Dogs who struggle with fear and reactivity tend to be constantly alert and find it difficult to switch off. Teaching your dog to be calm and optimistic can make a significant difference. 

You can achieve this through passive calming activities, the Calmness Protocol, and active rest. 

Passive Calming Activities are activities your dog can enjoy which are naturally soothing. The activity itself encourages calmness. Think scatter feeding, snuffle toys and mats, filled Kongs, lick mats and long-lasting chews, puzzle feeders and scenting/sniffing out hidden food.

The Calmness Protocol is time where you actively reward spontaneous moments of calmness, using your dog’s daily food allowance to put all of that tasty value into spontaneous moments of calm. That might be times when your dog chooses to rest on the bed or floor, takes deep breaths and relaxing sighs or offers moments of stillness (especially those for the busy types)!

Active Rest is all about giving your dog some time every day where they don’t need to make any choices and their only option is to rest. Making sure they have time to chill out somewhere they aren’t exposed to the happenings of the day is really important for allowing that stress bucket to empty. Perhaps for your dog that is a crate, a dog pen, a boundary or a dog-safe room.

By promoting calmness, you help your dog find value in relaxation, rather than reacting. We like to call this The Calmness Triad and we dive deeper on it in this video!

Surviving Fireworks Season With Your Dog Strategy #3: Positive Pairing

The third strategy we have to help you survive fireworks season with your dog is to create positive pairings with all noises (not just the scary ones)!

Positive Pairing, or what we like to call DMT or “Distraction. Mark. Treat”, is a technique that can transform your dog's emotional response from anxious to confident during loud and startling events. It's all about rewarding calm behaviour to help your dog associate those scary sounds with positive experiences.

To begin with, you will start working with noises you know your dog isn’t worried about to build up a positive association with their new, calmly delivered marker word like “Niiice” or “Goood”.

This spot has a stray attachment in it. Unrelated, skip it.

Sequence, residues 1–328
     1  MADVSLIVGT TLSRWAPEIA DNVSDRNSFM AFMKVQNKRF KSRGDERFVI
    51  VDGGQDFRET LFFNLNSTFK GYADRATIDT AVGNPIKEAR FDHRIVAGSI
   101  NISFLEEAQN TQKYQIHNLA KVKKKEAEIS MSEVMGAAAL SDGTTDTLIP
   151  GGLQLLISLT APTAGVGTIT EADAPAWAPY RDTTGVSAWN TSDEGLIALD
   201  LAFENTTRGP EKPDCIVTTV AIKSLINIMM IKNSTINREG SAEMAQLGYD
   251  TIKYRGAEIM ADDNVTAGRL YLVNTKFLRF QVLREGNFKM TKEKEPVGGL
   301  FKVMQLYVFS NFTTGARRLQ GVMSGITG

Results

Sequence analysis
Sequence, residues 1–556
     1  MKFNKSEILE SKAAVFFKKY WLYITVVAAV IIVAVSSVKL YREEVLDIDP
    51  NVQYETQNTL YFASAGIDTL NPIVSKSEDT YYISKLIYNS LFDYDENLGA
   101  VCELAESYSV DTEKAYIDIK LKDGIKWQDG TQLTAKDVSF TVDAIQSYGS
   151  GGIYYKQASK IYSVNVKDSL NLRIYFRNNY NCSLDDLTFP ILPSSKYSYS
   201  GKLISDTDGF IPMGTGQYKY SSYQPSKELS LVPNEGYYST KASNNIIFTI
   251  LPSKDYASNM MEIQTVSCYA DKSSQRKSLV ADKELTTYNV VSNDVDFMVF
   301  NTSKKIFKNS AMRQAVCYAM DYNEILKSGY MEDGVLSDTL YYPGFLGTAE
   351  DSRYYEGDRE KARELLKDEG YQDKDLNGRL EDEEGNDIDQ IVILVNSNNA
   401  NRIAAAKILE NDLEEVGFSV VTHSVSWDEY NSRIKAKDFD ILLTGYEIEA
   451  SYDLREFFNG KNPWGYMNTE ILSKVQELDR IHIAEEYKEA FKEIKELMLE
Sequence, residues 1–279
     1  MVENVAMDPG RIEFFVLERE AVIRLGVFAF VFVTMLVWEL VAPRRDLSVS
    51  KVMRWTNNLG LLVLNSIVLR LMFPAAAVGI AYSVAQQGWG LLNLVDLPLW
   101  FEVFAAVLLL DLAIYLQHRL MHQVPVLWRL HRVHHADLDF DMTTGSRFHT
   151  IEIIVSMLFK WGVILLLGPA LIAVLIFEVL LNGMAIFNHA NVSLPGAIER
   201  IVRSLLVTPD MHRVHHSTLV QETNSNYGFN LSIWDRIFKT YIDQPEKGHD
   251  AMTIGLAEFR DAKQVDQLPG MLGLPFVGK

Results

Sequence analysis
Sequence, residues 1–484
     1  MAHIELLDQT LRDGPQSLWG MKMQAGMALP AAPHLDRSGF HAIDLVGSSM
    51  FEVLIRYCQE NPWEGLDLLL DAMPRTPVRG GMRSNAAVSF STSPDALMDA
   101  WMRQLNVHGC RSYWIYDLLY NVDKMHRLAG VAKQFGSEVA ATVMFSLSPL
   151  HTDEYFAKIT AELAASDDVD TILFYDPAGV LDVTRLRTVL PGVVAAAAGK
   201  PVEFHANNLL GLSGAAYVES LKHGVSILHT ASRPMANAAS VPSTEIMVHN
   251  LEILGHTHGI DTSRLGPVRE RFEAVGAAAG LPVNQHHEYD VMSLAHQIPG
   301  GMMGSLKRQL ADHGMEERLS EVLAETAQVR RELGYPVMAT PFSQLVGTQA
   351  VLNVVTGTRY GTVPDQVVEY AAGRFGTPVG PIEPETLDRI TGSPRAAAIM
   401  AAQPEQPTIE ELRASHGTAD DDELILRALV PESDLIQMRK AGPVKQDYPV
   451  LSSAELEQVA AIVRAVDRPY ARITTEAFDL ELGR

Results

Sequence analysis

Mark anything and everything that makes a sound and deliver a piece of food calmly to your dog. Really build up that value so your dog understands that good things are headed their way when they hear that marker.

As your dog becomes more confident, you can start introducing more distracting or worrying noises at low volume, until you work up over time to the real deal. When a loud noise, like fireworks or thunder, occurs, acknowledge it calmly. Your dog will take cues from your reaction. 

Learn more about DMT in the AbsoluteDogs Optimism Rocks eBook!

Surviving Fireworks Season With Your Dog Strategy #4: Train FOR The Situation With Games!

The fourth strategy we have to help you survive fireworks season with your dog is to train FOR the situation, not in it, by playing 3 minute training games with your dog ahead of time to boost their confidence, optimism and calmness.

Our favourite novelty-busting, optimism-growing, confidence-boosting and calmness-inspiring games to play with all dogs are:

Novelty Party

Scatter Feeding

Balance Paths

Cardboard Chaos

Boundary Games

We’ve got some FREE resources linked above, but if you truly wish to set your dog up for superhero level confidence and rock-solid optimism, there is no better place to look than our AbsoluteDogs Confidence course!

Surviving Fireworks Season With Your Dog Strategy #5: Prepare a Fireworks Free Zen Space

When it comes to fireworks safety for dogs, the fifth strategy we have to help you survive fireworks season with your dog is to create a designated safe space for your dog to retreat to during fireworks. 

This space should be cosy, quiet, and free from the noise and flashing lights of the fireworks. Close all curtains, blinds, doors and windows well before the fireworks begin and pop a loud movie on TV, play some white noise or even Taiko Drums to drown out the whizzes and bangs of the fireworks!

Your dog's safe zone should be a place where they can feel secure and relaxed, allowing them to escape the stress, sights and sounds of the outside world.

Get your dog used to spending time in their safe zone, including playing the sounds you will use to drown out the fireworks well before a night of fireworks comes around. This will help your dog feel more comfortable and relaxed as they won’t feel the novelty or pressure of experiencing the space for the first time once the fireworks begin.